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2013 CAROLINA PANTHERS TRAINING CAMP | Spartanburg, S.C.

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Carolina Panthers’ Armanti Edwards ready to emerge as a receiver

By Joseph Person
jperson@charlotteobserver.com

SPARTANBURG In the first half of Friday’s game against Chicago, Panthers receiver Armanti Edwards ran a nice “dig” route and pulled down Derek Anderson’s pass for a long gain and a first down.

It was one catch in an exhibition. But it served as a microcosm of Edwards’ four-year transformation from award-winning, Michigan-slaying quarterback at Appalachian State to viable NFL receiver.

Edwards said his dig route (a deep in cut) against the Bears looked nothing like it did his first couple of years in the league.

“Instead of keep drifting up the field to where the safety or somebody can undercut or hit you, I can feel myself coming down back toward the ball now,” Edwards said Sunday.

Edwards has felt something else this summer at training camp: relevance.

“I feel like I’m a guy that can be counted on this year, unlike the past three years,” he said. “I felt like I made the roster, but at the same time I wasn’t being accountable.”

Edwards spent his first three seasons as a return specialist who was an afterthought in the receiving rotation. This year, with free-agent acquisition Domenik Hixon sidelined with a hamstring injury, Edwards has been working as the No. 3 receiver behind Steve Smith and Brandon LaFell.

Edwards sat out Sunday’s practice with a hamstring injury that is expected to sideline him for a couple of days.

“I had a rough patch of years playing receiver,” Edwards said. “But as long as I stay faithful and motivated, sooner or later there’s going to be a breakthrough.”

That breakthrough looks like it could come this year.

Turning the corner

After a strong showing by Edwards at organized team activities and minicamp, critics wanted to reserve judgment until training camp.

After a solid first two weeks of camp, they wanted to see Edwards do it in a game. After he caught two passes for 38 yards against the Bears, there will be skeptics who want to see it a regular-season game.

But teammates and coaches believe Edwards has turned a corner.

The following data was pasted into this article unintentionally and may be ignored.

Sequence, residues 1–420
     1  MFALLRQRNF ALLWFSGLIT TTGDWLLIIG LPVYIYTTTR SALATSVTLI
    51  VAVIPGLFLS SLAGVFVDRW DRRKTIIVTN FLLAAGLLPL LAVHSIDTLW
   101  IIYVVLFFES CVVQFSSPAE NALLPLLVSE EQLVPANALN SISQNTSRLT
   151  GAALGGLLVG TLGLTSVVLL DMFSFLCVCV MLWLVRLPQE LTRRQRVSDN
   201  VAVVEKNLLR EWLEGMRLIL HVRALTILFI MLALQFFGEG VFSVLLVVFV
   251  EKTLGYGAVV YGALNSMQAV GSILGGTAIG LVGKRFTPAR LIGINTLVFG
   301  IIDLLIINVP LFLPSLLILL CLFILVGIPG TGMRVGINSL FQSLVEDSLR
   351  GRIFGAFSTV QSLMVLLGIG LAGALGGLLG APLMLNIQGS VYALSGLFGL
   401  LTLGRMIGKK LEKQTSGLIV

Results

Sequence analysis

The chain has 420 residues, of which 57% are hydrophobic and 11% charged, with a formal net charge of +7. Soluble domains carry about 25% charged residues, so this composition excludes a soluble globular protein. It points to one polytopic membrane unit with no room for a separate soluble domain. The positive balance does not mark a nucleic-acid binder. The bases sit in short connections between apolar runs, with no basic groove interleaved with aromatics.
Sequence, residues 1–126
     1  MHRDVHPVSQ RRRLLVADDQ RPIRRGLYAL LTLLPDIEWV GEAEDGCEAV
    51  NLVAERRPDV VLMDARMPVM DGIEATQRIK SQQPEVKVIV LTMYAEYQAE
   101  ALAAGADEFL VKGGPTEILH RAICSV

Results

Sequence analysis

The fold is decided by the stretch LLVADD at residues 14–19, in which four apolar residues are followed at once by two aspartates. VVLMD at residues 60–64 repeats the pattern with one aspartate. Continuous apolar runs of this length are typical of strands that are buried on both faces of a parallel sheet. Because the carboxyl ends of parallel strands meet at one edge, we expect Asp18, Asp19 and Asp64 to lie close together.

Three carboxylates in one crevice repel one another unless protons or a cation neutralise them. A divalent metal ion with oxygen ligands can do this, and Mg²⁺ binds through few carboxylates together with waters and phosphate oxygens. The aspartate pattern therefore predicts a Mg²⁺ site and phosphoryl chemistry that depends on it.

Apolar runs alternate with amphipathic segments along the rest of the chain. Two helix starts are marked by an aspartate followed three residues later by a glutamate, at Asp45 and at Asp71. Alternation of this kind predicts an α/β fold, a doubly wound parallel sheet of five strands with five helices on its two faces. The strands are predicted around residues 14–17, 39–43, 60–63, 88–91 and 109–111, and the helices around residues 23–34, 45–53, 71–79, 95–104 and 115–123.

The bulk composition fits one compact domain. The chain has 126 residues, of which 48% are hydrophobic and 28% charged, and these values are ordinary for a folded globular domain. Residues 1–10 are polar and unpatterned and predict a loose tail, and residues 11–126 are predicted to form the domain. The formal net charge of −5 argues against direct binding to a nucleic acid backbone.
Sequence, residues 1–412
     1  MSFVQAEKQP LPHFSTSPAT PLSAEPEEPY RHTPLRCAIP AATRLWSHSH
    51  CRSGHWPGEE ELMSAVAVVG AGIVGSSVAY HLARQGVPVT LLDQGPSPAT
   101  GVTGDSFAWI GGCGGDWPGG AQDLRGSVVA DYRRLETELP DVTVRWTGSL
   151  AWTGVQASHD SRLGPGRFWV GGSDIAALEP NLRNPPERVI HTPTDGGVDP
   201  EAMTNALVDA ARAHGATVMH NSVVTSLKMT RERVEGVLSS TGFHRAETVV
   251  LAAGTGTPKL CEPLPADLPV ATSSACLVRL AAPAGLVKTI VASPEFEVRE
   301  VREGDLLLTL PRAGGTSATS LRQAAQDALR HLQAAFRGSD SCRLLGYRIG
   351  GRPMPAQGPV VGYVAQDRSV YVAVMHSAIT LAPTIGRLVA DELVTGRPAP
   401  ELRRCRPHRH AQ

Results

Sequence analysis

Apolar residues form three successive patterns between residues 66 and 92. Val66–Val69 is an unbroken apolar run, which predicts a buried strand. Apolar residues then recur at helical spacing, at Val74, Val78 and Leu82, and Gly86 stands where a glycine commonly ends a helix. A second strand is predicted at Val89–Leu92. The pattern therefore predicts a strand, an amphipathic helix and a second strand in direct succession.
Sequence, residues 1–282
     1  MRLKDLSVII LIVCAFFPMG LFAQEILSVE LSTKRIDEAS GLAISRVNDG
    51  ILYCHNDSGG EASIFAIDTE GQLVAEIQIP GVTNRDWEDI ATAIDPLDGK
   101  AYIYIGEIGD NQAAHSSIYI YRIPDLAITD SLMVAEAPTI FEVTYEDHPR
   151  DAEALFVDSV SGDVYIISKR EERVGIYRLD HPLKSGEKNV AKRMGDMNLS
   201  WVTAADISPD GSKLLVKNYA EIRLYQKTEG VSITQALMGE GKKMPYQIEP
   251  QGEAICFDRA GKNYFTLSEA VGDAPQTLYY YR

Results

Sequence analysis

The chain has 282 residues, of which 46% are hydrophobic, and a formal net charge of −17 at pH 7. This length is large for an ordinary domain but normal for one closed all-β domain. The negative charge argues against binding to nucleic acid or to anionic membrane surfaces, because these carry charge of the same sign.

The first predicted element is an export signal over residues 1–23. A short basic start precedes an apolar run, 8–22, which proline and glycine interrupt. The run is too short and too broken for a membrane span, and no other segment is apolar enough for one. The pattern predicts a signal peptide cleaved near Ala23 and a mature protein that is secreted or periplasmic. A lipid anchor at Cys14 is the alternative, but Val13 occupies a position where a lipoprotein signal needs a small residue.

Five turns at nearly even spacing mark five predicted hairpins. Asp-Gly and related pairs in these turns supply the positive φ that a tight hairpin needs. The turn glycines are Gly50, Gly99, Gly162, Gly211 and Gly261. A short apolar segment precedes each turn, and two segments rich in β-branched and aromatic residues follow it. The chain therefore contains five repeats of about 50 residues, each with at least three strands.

“Armanti has accepted the challenge with his role increasing, especially with the No. 1 guys. He didn’t even miss a step,” quarterback Cam Newton said. “I call him the silent assassin. He comes in, doesn’t say much and he’s hard-working, whether it’s blocking (or) on the receiving end. He’s always a team player.

“And you just look at his resume: He’s won. He’s a winner, and we need more influences like Armanti.”

The Proehl effect

Edwards credits his development to his time in the weight room and his work with receivers coach Ricky Proehl, the former Panthers wideout who was the team’s assistant receivers coach last year.

Proehl said Edwards’ athleticism and competitiveness were evident in his success at Appalachian. Besides shocking Michigan, Edwards led the Mountaineers to two national titles and twice was offensive MVP in the Football Championship Subdivision.

But Edwards, the Panthers’ third-round pick in 2010, needed a lot of polish in switching from college quarterback to NFL receiver. And he didn’t always get many chances to hone those skills.

“It was frustrating at times because of us not giving him the opportunities to grow as a receiver,” Proehl said. “That’s all I wanted to do when I got the position is just teach him, to where his athleticism could come out.”

Edwards said Proehl has worked more closely with him than his previous position coaches.

“We’re in the NFL,” Edwards said. “Most coaches, they’re working with what they can work with. It’s not like high school where somebody’s sitting there to help you step by step. That’s what Ricky Proehl’s been doing. He’s tried to do the extra coaching after practice or in the film room. He’s been very helpful.”

Proehl has been harping on Edwards to lose his stutter-step and get quicker off the line of scrimmage. Playing fast, Proehl calls it.

Proehl said LaFell has been a role model for Edwards in the weight room, helping Edwards recognize the importance of getting bigger and stronger to keep from getting knocked off his routes.

“I stayed in the weight room,” Edwards said. “Ask any guys that stayed in Charlotte, I didn’t leave. I worked out almost every day.”

Still a work in progress

Edwards still has more to do before he’s a lock in the receiving rotation, or even on the roster. Hixon and Ted Ginn Jr., another free-agent acquisition, are proven veterans with Super Bowl experience.

Edwards’ two catches Friday weren’t far off his career regular-season total of five – all of which came last year.

But with each well-run dig route or nice catch in a practice drill, Edwards gets a little more comfortable. He’s even speaking up with teammates and media members.

“I talk a little more now,” he said. “But I’m still on the quiet side.”

His performance has done the talking for him.

Joseph Person: 704-358-5123; Twitter: @josephperson

Complete Carolina Panthers coverage from The Charlotte Observer at CharlotteObserver.com/panthers
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